# Introduction

Font: wikipedia Graph-theoretic data structures Main article: Graph (data structure)

There are different ways to store graphs in a computer system. The data structure used depends on both the graph structure and the algorithm used for manipulating the graph. Theoretically one can distinguish between list and matrix structures but in concrete applications the best structure is often a combination of both. List structures are often preferred for sparse graphs as they have smaller memory requirements. Matrix structures on the other hand provide faster access for some applications but can consume huge amounts of memory.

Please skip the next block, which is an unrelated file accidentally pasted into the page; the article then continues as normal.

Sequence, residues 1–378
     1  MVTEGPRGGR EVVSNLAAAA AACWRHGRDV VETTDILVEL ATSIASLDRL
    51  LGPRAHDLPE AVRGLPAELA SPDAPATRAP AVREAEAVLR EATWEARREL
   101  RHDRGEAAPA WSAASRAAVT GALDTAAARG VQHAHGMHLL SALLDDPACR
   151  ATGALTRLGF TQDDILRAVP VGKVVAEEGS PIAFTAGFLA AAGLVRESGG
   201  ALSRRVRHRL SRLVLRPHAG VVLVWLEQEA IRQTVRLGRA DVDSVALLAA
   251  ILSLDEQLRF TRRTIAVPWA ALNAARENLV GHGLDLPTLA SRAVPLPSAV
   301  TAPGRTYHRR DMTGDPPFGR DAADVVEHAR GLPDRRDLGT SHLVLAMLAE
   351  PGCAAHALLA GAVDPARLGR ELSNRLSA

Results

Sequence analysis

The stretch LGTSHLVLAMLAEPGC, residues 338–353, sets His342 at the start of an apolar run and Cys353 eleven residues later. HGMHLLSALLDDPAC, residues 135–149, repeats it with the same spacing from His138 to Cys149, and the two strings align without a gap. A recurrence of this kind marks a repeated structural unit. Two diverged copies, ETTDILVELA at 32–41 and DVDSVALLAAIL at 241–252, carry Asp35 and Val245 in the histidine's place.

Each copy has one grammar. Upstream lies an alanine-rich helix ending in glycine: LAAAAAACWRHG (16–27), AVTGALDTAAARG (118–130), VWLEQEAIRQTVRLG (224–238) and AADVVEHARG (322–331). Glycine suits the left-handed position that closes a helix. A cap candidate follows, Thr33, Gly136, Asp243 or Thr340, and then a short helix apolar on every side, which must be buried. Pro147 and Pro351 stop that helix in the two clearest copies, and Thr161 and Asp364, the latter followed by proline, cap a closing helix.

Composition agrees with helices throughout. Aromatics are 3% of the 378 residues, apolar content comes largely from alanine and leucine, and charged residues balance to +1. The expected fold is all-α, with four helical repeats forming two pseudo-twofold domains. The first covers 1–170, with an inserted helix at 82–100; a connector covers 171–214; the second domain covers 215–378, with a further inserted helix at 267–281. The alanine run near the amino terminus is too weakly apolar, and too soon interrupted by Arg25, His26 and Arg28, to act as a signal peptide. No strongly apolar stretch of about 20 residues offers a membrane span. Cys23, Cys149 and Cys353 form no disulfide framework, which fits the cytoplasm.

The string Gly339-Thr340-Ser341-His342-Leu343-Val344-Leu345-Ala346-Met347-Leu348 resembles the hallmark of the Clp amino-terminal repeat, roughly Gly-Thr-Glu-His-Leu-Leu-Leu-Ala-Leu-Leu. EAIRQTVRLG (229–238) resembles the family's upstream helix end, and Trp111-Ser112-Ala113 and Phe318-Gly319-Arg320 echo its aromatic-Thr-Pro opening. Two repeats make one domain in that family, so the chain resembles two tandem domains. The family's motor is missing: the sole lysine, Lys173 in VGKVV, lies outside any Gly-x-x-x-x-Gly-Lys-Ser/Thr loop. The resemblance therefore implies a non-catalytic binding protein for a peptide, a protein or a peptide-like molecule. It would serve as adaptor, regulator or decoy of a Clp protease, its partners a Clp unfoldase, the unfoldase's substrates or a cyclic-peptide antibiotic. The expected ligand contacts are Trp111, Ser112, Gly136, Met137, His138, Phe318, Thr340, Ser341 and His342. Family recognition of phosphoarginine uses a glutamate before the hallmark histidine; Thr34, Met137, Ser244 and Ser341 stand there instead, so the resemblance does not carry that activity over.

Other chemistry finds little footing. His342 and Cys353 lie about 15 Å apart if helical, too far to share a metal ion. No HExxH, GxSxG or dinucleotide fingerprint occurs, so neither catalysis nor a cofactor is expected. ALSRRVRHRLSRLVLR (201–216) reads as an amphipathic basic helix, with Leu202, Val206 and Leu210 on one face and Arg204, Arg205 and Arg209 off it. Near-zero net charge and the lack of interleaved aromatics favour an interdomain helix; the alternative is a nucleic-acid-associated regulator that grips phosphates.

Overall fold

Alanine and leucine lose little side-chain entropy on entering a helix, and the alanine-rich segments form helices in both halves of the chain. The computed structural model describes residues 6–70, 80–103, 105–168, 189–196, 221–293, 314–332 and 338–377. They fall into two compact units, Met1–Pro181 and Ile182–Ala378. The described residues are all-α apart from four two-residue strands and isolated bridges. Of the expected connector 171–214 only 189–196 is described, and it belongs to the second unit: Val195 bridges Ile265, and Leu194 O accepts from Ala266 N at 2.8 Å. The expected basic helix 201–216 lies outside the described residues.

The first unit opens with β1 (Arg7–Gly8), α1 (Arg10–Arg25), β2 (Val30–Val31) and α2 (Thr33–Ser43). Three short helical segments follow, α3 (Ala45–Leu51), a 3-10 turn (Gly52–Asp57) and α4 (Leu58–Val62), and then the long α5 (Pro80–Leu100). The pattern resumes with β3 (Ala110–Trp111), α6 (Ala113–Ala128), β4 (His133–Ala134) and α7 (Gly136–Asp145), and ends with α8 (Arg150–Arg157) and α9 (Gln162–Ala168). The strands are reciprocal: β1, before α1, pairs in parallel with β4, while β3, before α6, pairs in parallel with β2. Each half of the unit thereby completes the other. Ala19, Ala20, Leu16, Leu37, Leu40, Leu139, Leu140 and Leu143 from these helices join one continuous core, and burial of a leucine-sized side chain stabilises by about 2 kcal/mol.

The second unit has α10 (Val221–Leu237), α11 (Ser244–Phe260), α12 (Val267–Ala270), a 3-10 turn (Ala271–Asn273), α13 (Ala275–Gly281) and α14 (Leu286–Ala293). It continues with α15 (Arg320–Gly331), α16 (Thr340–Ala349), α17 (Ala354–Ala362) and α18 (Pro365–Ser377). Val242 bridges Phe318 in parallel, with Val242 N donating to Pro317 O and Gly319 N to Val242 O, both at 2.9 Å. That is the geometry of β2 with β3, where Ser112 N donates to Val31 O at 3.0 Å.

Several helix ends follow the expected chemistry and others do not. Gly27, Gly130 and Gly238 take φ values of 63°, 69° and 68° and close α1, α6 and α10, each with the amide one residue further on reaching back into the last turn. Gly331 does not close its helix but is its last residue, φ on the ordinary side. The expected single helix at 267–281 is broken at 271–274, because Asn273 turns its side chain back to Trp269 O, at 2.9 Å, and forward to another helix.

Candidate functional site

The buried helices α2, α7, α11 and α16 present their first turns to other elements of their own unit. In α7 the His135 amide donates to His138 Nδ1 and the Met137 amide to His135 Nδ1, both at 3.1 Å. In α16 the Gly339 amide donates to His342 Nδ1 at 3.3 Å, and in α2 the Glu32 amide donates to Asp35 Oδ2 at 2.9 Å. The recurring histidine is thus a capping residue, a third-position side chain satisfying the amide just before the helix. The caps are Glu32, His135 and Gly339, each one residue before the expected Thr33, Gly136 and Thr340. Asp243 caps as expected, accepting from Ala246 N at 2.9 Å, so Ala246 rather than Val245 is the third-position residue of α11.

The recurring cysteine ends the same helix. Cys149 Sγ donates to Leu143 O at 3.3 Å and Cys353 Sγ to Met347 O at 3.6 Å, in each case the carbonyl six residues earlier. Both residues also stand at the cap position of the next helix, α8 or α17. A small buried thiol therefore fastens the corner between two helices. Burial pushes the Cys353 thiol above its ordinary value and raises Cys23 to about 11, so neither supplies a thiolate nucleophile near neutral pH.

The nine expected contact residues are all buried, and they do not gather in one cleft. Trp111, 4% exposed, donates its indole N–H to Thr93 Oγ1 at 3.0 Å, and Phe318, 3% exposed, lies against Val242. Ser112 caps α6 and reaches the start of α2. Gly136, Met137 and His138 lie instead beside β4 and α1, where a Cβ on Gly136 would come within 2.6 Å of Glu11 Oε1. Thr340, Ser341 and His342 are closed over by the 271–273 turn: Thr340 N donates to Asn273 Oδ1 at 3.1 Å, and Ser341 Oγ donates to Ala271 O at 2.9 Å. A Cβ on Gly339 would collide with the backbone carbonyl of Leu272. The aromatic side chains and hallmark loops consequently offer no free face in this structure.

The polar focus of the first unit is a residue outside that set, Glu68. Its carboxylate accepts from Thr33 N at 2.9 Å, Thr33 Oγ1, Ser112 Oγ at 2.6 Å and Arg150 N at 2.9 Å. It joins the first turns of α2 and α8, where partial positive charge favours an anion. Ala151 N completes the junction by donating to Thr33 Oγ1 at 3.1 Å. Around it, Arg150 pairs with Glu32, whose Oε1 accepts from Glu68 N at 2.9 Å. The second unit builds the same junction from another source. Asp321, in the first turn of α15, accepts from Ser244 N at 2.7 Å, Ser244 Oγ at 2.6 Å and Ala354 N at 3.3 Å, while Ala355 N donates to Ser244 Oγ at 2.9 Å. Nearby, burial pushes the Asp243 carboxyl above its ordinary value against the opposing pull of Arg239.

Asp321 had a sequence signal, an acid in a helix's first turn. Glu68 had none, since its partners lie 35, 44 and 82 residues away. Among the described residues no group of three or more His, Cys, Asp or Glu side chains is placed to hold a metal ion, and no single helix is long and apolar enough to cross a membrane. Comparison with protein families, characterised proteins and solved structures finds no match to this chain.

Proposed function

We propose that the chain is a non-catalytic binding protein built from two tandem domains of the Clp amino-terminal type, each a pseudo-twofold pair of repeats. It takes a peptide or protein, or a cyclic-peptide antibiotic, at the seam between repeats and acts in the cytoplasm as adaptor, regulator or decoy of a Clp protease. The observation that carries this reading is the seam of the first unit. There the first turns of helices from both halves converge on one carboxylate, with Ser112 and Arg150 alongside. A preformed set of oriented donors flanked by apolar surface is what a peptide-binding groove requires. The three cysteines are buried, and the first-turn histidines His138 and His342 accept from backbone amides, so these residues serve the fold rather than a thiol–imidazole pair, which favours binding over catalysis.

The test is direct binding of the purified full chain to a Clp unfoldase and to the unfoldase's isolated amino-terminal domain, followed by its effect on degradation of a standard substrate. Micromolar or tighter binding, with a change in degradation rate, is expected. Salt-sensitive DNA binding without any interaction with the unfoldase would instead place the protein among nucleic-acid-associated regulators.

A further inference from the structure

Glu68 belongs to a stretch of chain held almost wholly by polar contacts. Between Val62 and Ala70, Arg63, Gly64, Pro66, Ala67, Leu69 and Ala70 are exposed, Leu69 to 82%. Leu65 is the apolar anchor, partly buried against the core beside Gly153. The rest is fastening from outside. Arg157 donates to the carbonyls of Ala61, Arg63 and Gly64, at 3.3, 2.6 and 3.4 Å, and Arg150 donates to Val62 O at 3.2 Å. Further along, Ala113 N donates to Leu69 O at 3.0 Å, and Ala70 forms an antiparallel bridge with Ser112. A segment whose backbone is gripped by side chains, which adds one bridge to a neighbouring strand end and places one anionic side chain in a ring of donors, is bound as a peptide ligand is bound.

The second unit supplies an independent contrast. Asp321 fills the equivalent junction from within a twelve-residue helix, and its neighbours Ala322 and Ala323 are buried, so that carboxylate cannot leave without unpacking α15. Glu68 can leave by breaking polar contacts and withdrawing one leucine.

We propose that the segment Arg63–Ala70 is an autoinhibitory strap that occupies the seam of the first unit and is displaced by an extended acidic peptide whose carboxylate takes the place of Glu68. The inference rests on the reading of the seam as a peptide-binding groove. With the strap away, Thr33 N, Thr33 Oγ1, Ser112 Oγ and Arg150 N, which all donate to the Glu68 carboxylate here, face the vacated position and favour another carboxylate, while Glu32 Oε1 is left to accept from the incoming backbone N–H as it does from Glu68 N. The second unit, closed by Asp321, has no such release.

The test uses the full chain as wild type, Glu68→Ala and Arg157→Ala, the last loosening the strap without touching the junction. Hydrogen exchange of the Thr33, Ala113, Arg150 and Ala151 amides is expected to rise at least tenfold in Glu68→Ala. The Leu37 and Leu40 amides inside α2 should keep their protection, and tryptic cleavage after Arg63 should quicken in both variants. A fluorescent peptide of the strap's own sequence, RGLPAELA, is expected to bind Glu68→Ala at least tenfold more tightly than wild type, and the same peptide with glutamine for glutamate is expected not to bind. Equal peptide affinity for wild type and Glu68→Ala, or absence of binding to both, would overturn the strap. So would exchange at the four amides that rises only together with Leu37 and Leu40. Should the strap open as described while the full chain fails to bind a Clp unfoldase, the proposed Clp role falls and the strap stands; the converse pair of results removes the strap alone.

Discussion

# Representation

## Incidence matrix

An incidence matrix is a matrix that shows the relationship between two classes of objects. If the first class is X and the second is Y, the matrix has one row for each element of X and one column for each element of Y. The entry in row x and column y is 1 if x and y are related (called incident in this context) and 0 if they are not.

The graph is represented by a matrix of size V (number of vertices) by E (number of edges) where the entry [vertex, edge] contains the edge's endpoint data (simplest case: 1 - incident, 0 - not incident).

## Laplacian matrix or "Kirchhoff matrix" or "Admittance matrix"

This is defined as D − A, where D is the diagonal degree matrix. It explicitly contains both adjacency information and degree information. (However, there are other, similar matrices that are also called "Laplacian matrices" of a graph.)